Incubaby is a low-cost solution to the condition of hypothermia in infants developed by a team of engineering students at Rice University. Hypothermia, a dangerous condition in which the baby’s temperature falls below 36 degrees Celsius (96.8 degrees Fahrenheit), is quite common in infants. The innovation works by increasing the core temperature of the body of the infants using electronics, shielded by double-wall plywood panels. The prototype can be manufactured and assembled locally in developing countries. The prototype consists of two boxes: one to hold the baby and one to hold the electronics. The students plan to ship the final prototype of the IncuBaby incubator to Queen Elizabeth Central Hospital in Malawi.
SDG 3: Good Health and Well-Being
Market Suggested Retail Price
Target Users (Target Impact Group)
Community, Small and Medium-sized Enterprises
Distributors / Implementing Organizations
Rice Engineering Alumni and BTB - HHMI
Direct competitors include Otter Newborn Warmer.
The prototype was designed and built by a team of engineering students at Rice University. The product is assembled with laser-cut plywood, acrylic windows in the top and front, and polystyrene foam for insulation. The product can be manufactured locally or remotely and shipped.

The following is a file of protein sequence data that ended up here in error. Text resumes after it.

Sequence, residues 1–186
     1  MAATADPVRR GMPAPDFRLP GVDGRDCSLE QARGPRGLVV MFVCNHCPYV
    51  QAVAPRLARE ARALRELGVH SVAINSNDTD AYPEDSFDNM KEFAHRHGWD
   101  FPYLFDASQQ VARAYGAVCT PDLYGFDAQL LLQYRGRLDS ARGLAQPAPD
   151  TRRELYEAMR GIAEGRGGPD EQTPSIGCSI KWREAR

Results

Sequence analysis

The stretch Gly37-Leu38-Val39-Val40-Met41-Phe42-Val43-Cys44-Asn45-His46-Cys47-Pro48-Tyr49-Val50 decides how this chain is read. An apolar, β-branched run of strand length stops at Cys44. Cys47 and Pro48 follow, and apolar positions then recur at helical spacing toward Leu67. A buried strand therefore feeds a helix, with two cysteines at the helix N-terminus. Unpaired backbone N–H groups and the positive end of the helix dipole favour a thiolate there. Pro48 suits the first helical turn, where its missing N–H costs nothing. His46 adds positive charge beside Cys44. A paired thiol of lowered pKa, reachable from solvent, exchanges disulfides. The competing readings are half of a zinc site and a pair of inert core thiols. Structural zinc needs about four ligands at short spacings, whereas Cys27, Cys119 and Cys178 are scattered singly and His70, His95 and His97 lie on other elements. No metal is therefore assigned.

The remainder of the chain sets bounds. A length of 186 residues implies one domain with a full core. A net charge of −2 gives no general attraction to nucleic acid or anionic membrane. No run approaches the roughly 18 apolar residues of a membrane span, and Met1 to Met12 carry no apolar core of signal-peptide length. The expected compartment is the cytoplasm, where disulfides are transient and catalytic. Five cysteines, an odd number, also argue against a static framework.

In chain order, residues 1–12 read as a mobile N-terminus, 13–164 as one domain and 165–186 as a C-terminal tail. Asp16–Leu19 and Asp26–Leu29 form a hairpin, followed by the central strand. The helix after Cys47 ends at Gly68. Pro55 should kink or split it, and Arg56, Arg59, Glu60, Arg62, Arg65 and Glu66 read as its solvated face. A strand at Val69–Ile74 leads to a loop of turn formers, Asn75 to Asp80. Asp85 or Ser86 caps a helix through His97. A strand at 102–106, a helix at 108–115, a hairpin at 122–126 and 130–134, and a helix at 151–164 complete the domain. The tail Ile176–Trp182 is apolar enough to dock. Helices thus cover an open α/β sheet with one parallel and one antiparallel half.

Intellectural Property Type
User Provision Model
The product is in the development phase and the design team is piloting the project at Queen Elizabeth Central Hospital in Malawi.
Distributions to Date Status
Accuracy of temperature control (deg C)
Accuracy of temperature display (deg C)
Use Duration (hours)
The low-cost incubator designed and built at Rice University’s Oshman Engineering Design Kitchen uses heating pads and simple materials to keep an infant’s body temperature stable while providing temperature feedback. The material used for the fabrication of the prototype is birch plywood and acrylic with polyurethane foam to provide insulation in the walls of the system. All materials were specified as they are easily available in workshops of developing countries. Regulated by a micro-controller, the heating pads receive inputs from a thermistor which is mounted onto the body of the infant, keeping the infant's temperature at homeostasis. An alarm system alerts the care provider of overheating or power loss.
Provided by the manufacturer
Manufacturer Specified Performance Parameters
The incubator can maintain an infant's temperature within +/- 1 degree Celsius of the desired body temperature and has less than 2.5 % error.
Vetted Performance Status
The product is still in the prototype phase.
If the feedback system that reads the infant's temperature fails, the infant health might be compromised.
Complementary Technical Systems
A reliable power source is required to keep the incubator functioning. The incubator can be run on battery as well in the areas where continuous power supply is not available.
Academic Research and References
Tlebere, P., Jackson, D., Loveday, M., Matizirofa, L., Mbombo, N., Doherty, T., … & Chopra, M. (2007). Community?based situation analysis of maternal and neonatal care in South Africa to explore factors that impact utilization of maternal health services. The Journal of Midwifery & Women’s Health, 52(4), 342-350.
Compliance with regulations